Here's an important statement from the top cop and a peek at Kansas City budget politics behind the scenes for attentive readers.
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KCPD Chief's Blog: Hiring Freeze Depletes Police Staffing
Within the month of April, our Police Athletic League had 1,019 contacts with youth. In the current school year, three Youth Programs Section officers and one sergeant worked with more than 2,000 students teaching D.A.R.E. and G.R.E.A.T. curriculum both virtually and in person in 18 schools. They spend 15 to 18 hours a week in the classroom. They often eat lunch with students and join them at recess. Before the pandemic, they reached 4,000 children in 30 schools. The relationships our Youth Services Unit builds through these interactions are priceless. They build bridges in the community and help kids make smart choices.
Unfortunately, however, those programs would be among the first to get cut if our current hiring freeze continues. We would have to eliminate elements whose officers primarily are tasked with community policing and relationship building. The officers assigned to those units would be reassigned to answer 911 calls, which is our core duty.
So far in 2021, we are losing 8.5 officers per month to attrition. Last year, the average was 7.58 per month. The number has risen steadily since 2011, when the average officer loss was just 3.25 per month. This usually is not much of an issue because we are able to fill those positions with new recruits coming out of the Academy. We have not had an Academy class since February 2020 due to funding, however, so we have continued to fall farther and farther behind on staffing. We are down 116 officers and do not have the budget to replace them.
If KCPD continues to lose officers at the 8.5 per month rate, we will have 1,151 by April 2022. That is equivalent to the amount of officers KCPD had in 1993, at which time Kansas City, Mo., had a population of about 435,000. Our city now approaches 500,000 in population. The 1,151 number assumes the 8.5 per month loss rate does not increase. Given the increases over the last 10 years, however, it seems that number will continue to climb.
It takes 10 months of training both in our Academy and in the field until a new officer can operate independently. Hypothetically, if we were able to start a new Academy class on June 1, those recruits would not be in the work force until April 2022. Even then, they would still be on probationary status for an additional six months.
In short, our current hiring freeze is setting the Department back in adequate staffing for years to come.
Practically, what does this look like? I already mentioned the reduction of community outreach programs. Increased response times also will be inevitable. Earlier this week we had to send officers from Shoal Creek Patrol Division north of the Missouri River all the way down to the southern end of the city in South Patrol to answer a 911 call because no one else was available. Residents already are waiting for some time for police to respond to non-injury crashes, burglaries, property damage and other incidents not involving threats to life or safety, and they deserve more prompt service.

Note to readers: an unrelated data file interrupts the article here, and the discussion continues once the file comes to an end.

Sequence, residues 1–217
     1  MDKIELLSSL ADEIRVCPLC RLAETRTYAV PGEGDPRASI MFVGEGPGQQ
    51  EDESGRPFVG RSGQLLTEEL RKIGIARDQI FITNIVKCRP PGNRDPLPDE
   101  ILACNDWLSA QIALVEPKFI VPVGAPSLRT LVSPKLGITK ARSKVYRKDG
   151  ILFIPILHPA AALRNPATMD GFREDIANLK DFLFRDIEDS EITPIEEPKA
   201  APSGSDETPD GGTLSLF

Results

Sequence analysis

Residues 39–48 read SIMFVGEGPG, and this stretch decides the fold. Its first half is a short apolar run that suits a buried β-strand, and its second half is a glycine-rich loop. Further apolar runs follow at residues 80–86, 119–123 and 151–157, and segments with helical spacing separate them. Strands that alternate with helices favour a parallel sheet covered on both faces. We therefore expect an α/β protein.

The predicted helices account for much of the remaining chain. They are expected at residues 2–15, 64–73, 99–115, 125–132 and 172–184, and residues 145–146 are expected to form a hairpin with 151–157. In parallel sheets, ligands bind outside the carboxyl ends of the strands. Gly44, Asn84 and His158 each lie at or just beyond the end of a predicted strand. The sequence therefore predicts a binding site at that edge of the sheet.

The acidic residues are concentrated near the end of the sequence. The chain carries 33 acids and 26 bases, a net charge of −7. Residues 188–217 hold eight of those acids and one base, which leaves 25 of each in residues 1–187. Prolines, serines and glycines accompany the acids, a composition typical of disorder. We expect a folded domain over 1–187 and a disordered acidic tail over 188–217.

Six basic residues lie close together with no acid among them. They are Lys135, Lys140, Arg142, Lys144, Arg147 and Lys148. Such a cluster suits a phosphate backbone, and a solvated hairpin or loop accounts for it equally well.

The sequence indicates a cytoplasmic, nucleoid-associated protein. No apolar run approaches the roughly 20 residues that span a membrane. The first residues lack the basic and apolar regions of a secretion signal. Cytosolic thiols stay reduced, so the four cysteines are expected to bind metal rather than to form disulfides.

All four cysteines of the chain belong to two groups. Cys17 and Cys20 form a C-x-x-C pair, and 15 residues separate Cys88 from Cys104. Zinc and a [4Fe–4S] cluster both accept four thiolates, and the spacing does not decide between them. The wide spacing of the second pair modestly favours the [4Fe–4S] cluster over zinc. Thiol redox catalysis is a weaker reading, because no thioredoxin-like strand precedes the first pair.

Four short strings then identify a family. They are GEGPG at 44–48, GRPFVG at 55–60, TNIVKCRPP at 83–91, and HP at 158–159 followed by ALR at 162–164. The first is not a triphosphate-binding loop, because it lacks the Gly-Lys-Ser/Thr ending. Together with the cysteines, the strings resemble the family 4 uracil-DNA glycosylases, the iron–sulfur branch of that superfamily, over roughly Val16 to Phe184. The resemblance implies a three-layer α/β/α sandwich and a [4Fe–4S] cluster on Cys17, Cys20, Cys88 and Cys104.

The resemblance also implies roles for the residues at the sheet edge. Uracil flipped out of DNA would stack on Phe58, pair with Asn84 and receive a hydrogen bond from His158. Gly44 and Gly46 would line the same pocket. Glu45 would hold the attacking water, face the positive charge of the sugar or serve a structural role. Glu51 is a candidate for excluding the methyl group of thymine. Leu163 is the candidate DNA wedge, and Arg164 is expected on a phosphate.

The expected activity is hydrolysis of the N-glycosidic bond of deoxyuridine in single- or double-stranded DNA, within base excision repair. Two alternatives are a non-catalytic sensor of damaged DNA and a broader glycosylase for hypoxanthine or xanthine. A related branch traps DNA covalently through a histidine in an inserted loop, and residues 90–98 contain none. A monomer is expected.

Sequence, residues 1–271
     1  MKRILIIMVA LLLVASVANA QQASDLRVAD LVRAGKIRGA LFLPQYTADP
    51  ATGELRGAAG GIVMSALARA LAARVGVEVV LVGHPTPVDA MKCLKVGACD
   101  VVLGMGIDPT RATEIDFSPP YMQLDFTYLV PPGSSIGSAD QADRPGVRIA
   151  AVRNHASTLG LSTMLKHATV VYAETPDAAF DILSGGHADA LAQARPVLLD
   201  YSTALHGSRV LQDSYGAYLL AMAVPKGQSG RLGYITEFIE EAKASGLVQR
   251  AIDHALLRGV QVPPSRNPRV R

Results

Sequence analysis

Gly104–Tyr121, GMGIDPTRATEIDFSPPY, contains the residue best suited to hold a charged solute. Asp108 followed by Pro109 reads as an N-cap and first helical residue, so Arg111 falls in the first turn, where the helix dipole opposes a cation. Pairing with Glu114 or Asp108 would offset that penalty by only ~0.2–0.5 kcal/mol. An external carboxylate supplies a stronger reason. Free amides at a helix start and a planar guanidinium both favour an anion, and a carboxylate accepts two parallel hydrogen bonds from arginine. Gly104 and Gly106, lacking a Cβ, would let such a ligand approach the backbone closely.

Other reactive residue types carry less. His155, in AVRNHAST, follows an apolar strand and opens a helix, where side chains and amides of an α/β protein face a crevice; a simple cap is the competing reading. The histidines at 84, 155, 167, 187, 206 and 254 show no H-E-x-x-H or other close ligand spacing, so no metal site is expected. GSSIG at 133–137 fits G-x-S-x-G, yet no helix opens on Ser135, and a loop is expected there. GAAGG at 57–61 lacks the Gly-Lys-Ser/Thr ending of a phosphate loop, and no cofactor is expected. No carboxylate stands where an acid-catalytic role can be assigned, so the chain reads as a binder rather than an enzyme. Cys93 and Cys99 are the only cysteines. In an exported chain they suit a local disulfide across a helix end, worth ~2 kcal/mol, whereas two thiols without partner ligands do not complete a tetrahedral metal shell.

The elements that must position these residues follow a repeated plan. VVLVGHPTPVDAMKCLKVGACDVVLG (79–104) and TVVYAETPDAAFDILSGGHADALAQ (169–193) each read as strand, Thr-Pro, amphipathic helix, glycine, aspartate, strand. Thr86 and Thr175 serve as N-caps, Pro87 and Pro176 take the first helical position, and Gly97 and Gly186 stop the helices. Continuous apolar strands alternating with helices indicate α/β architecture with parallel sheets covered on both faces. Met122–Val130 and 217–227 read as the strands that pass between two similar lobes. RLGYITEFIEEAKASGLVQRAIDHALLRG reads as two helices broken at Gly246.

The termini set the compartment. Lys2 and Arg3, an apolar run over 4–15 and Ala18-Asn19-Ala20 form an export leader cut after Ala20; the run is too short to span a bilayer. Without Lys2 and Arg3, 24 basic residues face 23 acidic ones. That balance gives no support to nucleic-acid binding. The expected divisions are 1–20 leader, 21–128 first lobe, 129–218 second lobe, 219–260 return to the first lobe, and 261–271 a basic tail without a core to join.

Those increased response times will impact other emergency services, as well. Paramedics, EMTs and firefighters rely on police to ensure their safety before entering many types of situations. So far just this year, police have had to render the scene safe for the Kansas City Fire Department nearly 6,100 times. Many of those are medical emergencies in which seconds mean the difference between life or death. A delayed response from police in these situations will put lives on the line.
So far I’ve only discussed the shortage of police officers in the hiring freeze. Our professional staff are experiencing significant reductions, as well. We’re losing about seven non-sworn staff members per month. How does this impact the public? One example is our Crime Laboratory. We are down 11 people there currently, which is 15% of the staff. This will lead to case backlogs and significant delays in solving crimes using science and technology.
The people who live, work and play in Kansas City expect and deserve quality police service. A safe city drives economic development, which improves everyone’s quality of life. Given our current budgetary restrictions, we are increasingly unable to provide the kind of service our community has come to expect.
We are asking for the community’s support to get the funding to end our hiring freeze. The City received $97.5 million from the American Rescue Plan Act. We ask that you ask your city council members to allocate some of that to the Police Department so that we can provide the timely response, criminal investigations and much-needed community engagement you deserve.
Send comments to firstname.lastname@example.org.
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